Briggs Chaney: ‘Profound Income Disparities’ in East Montgomery County
A study by local nonprofit finds some residents living east of Route 29 had significantly lower incomes than people with similar education on the west side of the road.
A new study suggests that residents on the west side of Route 29 may generally be more wealthy than their counterparts on the east side of the road. But not more educated.
During an intense study of the Briggs Chaney neighborhood, IMPACT Silver Spring discovered census tracts with very similar levels of education, but very different income levels.
“That was the most startling revelation,” said Ronnie Galvin, executive director of IMPACT. “The education level is the same, but [the income levels] are almost triple the difference.”
According to a report submitted to the county’s department of health and human services in January 2011, the residents of the tracts with lower income were primarily African-American and continental African. Galvin said the tract with higher income was majority white.
IMPACT was encouraged to study the area around the intersection of Briggs Chaney Road and Castle Boulevard about a year ago by Councilmember Nancy Navarro (D-Dist 4) and Uma Ahluwalia, director of health and human services.
The question was could Briggs Chaney benefit from the kind of county-assisted neighborhood networks already established in the Long Branch area of Silver Spring, in Wheaton and in Gaithersburg?
The networks consists of county agencies, including health and human services and the office of community partnerships, working with non-profits to connect residents to emergency services—things like helping to pay rent, food, clothing and health services.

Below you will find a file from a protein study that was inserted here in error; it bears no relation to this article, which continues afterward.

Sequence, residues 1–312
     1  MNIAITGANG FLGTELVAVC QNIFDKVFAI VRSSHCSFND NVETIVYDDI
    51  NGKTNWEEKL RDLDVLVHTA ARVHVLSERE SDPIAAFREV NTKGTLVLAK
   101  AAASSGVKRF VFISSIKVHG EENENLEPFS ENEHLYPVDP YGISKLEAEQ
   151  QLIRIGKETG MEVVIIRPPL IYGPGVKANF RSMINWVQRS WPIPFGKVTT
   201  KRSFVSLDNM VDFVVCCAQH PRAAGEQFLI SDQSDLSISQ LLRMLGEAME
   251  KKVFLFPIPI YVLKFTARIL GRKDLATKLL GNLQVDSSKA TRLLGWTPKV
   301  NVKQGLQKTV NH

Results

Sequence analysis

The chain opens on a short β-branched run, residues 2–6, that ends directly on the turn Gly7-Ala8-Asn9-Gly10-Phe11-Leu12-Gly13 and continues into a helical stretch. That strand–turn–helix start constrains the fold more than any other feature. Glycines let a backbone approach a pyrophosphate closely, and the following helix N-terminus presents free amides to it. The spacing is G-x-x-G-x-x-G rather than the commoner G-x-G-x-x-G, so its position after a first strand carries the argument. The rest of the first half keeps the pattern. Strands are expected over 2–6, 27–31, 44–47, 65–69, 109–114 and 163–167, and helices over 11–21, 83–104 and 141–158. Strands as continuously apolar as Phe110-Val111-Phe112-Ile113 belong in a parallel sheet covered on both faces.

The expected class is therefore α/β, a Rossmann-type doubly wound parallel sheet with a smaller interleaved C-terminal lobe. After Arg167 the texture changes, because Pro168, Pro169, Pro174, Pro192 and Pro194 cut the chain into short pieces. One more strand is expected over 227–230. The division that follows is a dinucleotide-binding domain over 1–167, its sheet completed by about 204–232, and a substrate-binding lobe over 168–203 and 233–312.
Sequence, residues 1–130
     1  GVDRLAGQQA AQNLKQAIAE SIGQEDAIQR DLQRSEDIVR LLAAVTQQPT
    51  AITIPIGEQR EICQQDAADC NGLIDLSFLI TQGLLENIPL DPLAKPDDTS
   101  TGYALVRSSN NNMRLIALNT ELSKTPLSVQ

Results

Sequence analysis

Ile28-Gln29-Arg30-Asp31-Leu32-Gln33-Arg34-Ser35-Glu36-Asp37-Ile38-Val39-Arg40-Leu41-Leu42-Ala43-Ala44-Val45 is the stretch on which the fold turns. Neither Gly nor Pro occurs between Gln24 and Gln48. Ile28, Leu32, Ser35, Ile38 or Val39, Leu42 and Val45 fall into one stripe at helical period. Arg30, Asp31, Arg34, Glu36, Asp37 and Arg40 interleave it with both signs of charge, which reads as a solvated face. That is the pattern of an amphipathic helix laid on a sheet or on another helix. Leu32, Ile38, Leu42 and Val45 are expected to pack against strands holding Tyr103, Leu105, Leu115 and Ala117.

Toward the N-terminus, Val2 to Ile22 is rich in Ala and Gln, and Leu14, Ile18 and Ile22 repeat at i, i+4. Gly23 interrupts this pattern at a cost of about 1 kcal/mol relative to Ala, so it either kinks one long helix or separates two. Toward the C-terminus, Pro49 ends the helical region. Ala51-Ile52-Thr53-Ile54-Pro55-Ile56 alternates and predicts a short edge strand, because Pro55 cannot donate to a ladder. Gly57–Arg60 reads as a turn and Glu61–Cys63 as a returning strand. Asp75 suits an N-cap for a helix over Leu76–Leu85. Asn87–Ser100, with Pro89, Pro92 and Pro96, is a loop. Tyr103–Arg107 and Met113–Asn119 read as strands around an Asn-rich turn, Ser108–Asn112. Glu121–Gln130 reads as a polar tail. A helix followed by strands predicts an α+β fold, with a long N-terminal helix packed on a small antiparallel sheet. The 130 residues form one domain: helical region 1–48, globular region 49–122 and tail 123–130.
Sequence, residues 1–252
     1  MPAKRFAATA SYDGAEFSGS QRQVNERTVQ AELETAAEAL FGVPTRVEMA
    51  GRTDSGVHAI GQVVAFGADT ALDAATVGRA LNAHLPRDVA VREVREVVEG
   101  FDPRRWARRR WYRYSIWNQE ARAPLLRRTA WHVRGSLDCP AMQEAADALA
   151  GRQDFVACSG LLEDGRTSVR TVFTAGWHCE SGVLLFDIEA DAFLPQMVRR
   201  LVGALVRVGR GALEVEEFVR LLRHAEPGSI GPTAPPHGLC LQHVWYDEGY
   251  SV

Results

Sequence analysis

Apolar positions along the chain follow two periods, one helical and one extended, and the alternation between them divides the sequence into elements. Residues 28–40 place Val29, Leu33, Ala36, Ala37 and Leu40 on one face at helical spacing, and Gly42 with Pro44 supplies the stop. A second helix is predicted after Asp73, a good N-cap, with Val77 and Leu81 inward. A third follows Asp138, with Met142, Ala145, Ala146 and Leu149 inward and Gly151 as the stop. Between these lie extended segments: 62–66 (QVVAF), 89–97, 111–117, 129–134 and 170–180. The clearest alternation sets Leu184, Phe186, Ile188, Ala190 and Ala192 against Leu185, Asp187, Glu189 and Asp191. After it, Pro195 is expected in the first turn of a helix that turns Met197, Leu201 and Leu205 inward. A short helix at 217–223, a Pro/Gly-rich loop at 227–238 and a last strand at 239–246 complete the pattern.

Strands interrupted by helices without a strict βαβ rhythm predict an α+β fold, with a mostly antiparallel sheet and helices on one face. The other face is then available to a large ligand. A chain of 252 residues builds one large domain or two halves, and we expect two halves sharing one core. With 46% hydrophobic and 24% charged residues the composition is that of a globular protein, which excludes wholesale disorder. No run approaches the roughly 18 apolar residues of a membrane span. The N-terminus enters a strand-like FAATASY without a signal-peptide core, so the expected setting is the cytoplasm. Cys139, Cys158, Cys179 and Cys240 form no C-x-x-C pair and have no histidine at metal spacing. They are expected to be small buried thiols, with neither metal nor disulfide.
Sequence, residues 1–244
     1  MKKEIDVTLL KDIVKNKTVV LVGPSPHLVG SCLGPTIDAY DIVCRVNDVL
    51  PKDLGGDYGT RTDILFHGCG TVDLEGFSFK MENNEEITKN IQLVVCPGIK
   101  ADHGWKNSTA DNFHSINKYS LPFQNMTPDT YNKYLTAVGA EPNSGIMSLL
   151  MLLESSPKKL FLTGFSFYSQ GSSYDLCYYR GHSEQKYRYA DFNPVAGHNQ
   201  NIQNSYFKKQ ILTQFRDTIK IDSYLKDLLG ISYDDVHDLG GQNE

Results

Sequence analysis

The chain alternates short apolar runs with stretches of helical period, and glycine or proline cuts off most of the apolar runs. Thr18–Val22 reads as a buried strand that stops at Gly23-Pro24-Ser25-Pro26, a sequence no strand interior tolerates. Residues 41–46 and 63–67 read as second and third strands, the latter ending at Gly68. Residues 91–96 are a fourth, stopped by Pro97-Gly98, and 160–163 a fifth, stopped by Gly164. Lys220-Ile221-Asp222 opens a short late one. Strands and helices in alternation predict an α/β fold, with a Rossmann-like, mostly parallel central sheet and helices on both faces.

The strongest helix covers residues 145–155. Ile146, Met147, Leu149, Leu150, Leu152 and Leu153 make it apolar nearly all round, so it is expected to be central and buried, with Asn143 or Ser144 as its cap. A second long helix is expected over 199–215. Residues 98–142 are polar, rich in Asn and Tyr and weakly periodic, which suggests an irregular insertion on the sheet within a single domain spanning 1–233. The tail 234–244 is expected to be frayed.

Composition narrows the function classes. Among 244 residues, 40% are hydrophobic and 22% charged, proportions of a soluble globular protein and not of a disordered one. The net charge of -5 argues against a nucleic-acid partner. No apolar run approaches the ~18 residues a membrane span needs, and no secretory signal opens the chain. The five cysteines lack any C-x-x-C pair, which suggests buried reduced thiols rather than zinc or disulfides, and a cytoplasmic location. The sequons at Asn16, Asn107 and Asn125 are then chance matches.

There’s also a second ambition for the networks: Resurrect old-school neighborliness.
“We invite people to connect to their neighbors who can also help them during times of crisis,” said Galvin.
Wealth disparity was the unexpected finding of the study. Galvin also learned that the neighborhood is lacking in opportunities for youth and struggling with its position in relative isolation. People find themselves having to go to Wheaton, downtown Silver Spring, Germantown or Gaithersburg to access social services, he said.
To address all of the key challenges, IMPACT applied for a county grant on behalf of the residents of Briggs Chaney.
In the short-term, he plans to create a sports league for young people. This will give kids something positive to do and stimulate parent involvement, he said. IMPACT will also begin to regularly meet with non-profits, schools and churches that serve the neighborhood to faciliate connecting neighbors with the services already available.
In the long-term, Galvin wants to figure out the economic disparity piece. He wants to bring all kinds of people together—white and non-white, faith leaders and business leaders—to “really go deeper into this report and analyze why this disparity exists.”
“This issue of this disparity we are not going to leave alone,” Galvin said. “We cannot do the work there in East County with any level of integrity if we don’t pay attention to that.”